Engineers use the expression "signal-to-noise ratio" to describe the strength of desired traits (the signal) as measured against undesirable traits (the noise) in any context. More recently, VC (Venture Capitalists) and UI (User Interface) Designers have applied the term to all manner of things from space engineering to presentation design.
The signal-to-noise ratio is such a handy expression that I often use it in parenting to highlight how to let go of bullying/cliques in the classroom in favor of the good stuff the playground or a book may have to offer.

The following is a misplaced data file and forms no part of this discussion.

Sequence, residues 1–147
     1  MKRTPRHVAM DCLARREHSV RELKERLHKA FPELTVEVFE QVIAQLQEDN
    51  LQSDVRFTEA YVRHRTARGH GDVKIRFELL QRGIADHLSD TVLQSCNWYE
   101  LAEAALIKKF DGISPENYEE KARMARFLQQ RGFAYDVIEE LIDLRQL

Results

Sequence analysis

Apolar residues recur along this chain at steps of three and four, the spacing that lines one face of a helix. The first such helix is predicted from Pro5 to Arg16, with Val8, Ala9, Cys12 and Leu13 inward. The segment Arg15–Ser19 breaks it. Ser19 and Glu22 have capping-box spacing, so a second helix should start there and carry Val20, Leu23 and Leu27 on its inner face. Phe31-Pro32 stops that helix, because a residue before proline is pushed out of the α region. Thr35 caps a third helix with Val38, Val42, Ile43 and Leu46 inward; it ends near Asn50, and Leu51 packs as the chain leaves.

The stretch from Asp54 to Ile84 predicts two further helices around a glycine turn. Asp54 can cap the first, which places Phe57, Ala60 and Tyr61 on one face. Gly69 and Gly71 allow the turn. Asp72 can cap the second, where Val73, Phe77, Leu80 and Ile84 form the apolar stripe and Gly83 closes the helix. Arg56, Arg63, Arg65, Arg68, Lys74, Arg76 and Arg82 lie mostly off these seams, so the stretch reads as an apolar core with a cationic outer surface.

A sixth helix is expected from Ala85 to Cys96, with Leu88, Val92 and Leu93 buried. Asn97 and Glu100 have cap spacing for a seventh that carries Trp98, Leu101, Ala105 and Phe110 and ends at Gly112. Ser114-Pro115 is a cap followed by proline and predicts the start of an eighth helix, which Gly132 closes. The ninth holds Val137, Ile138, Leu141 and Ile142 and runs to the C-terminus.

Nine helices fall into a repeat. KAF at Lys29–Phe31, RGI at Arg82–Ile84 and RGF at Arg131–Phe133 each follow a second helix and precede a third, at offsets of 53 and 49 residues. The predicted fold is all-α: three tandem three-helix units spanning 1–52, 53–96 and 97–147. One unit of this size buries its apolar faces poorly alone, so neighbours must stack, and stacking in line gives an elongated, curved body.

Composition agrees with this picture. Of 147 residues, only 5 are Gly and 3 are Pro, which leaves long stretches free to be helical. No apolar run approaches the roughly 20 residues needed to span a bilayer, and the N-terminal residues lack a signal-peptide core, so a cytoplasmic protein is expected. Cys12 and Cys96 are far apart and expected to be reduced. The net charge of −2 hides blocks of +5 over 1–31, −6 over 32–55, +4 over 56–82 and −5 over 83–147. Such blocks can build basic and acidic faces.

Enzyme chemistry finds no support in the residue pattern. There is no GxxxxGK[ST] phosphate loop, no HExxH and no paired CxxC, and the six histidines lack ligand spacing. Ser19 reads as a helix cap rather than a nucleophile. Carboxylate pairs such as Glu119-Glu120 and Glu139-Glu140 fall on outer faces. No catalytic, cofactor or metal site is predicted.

Underlying the signal-to-noise culture is a deep belief in optimization and the manufacture of peak experience. Is there any area of our lives untouched by this idea? No. We can become better by getting rid of what we don't want . . . Several ad campaigns quickly come to mind.
So here's what I am wondering as it relates to living: Where is the point at which augmentation of the signal actually breaks the signal itself? Are we in danger of losing essential human signals (eye contact, connectedness, intimacy, trust, love, touch, compassion, awareness) on our way to engineering the unwanted noise (slow pace, geographic separateness, the unknown, the risk, the humility, the threats) right out of our lives?
Will the signals break? They are already distorted ... or is this just evolution?